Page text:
Remembering one of a group of poems that I wrote to a Poetry 101 Rehab writing prompt: “No Forevers“. It’s on my poetry-writing blog: Quilted Poetry.
If we were having coffee together, this weekend, I would share that I feel haunted, sometimes, by poetry that I’ve read/written throughout my life. More often, now, as my parents are nonagenarians (Father, soon a centenarian, it appears). The burden of life is not the present, which we cope with routinely or not as we’re used to doing, nor is it the future, which weighs lightly on us. The burden of life fast becomes the burden of the past, of life…lived irretrievably.
[I was looking forward from “No Forevers”, but should have looked back to “Ending All“.]
If we were visiting in person, this weekend, I would admit to liking where I am and who I have become, but Good grief! the paths that brought me to this place and time and self. Myself only in my 70th year, I scarcely consider myself to be “old”. As the shortness of breath and the fatigue slip away, again, as I recover from the latest inflammation of the lungs, (I once gain am not taking the Albuterol, nor any other pills or medications, unless I might get a headache [unlikely] or a muscle cramp from over exercise [soon to be possible].) I forget about limitations.
I bought a new gadget from Microsoft that I am enjoying. I bought a stick computer made by Lenovo with no third-party software added. I may not be able to read Nook books on it until I straighten out where apps are loaded, as opposed to where I want them, but I can avoid storing backup files on Cloud by attaching a 1-T external HD to the powered USB hub. My plan is to use this computer, which uses the TV as a monitor/speaker system, for my personal writing. Which involves figuring adding the same User to all of my blogs, so that I do not have to battle with signing out/signing in.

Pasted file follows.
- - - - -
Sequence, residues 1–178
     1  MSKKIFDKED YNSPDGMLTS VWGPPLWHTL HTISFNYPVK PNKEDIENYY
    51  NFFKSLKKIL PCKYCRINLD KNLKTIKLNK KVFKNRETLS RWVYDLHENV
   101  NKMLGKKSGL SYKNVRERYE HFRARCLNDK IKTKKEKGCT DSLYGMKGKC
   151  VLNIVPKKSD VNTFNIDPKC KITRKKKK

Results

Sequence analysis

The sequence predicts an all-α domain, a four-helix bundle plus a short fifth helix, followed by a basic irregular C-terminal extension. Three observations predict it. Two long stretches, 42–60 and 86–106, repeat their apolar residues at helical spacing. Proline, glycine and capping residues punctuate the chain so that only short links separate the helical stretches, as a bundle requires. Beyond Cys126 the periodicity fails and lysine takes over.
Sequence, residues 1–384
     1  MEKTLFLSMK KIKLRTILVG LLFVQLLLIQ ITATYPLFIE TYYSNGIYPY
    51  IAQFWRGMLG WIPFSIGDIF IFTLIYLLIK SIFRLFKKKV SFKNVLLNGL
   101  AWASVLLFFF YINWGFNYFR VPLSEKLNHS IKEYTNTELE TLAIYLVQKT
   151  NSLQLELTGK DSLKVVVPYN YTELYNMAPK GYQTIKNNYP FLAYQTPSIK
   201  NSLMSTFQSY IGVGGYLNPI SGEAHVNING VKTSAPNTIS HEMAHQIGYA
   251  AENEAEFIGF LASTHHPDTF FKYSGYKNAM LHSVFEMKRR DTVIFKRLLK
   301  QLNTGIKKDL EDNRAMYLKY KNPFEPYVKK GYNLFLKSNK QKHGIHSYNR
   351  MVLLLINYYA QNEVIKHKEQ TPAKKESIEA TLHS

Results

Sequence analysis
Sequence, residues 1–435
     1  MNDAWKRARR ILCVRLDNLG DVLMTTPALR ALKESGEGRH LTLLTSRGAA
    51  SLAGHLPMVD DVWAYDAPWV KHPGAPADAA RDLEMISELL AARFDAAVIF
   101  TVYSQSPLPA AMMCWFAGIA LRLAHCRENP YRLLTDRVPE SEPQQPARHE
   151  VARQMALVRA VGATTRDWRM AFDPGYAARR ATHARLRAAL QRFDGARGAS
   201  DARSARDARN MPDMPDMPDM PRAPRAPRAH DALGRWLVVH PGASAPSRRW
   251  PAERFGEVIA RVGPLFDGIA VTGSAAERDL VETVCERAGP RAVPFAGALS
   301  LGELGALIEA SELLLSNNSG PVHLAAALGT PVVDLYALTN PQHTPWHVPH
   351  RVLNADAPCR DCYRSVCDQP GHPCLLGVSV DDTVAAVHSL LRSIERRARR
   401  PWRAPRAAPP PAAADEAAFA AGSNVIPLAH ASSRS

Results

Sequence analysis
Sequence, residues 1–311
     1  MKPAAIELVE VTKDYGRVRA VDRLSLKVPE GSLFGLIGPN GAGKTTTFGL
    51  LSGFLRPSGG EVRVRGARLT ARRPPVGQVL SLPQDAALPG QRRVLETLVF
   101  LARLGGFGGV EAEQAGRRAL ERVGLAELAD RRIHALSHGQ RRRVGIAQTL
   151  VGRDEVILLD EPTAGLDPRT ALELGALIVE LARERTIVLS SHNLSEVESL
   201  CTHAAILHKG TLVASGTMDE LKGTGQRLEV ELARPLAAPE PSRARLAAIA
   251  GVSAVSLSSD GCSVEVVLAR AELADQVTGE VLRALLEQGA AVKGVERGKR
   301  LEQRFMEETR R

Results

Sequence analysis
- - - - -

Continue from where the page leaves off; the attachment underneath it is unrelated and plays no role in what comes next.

I have loved computers since college and landed my first job, a position as a computer programmer within a month of graduating with a B.A. (in, oddly, English and philosophy). I shan’t talk about my preschool adventures taking apart my father’s prized console radio or my first career ambition, which was to be a pilot of a fighter plane. My parents did supply me with chemistry set and a real, working microscope while I was in grade school. In middle school I earned/saved enough to buy a reflector telescope. I didn’t abandon my telescope until marriage (in the 90s), since my husband has a scope with tracking and photo capabilities.
I don’t know if I will come back and complete this or not. The dogs have gone inside, and I assume that Al has returned home from great adventures. ¯\_(ツ)_/¯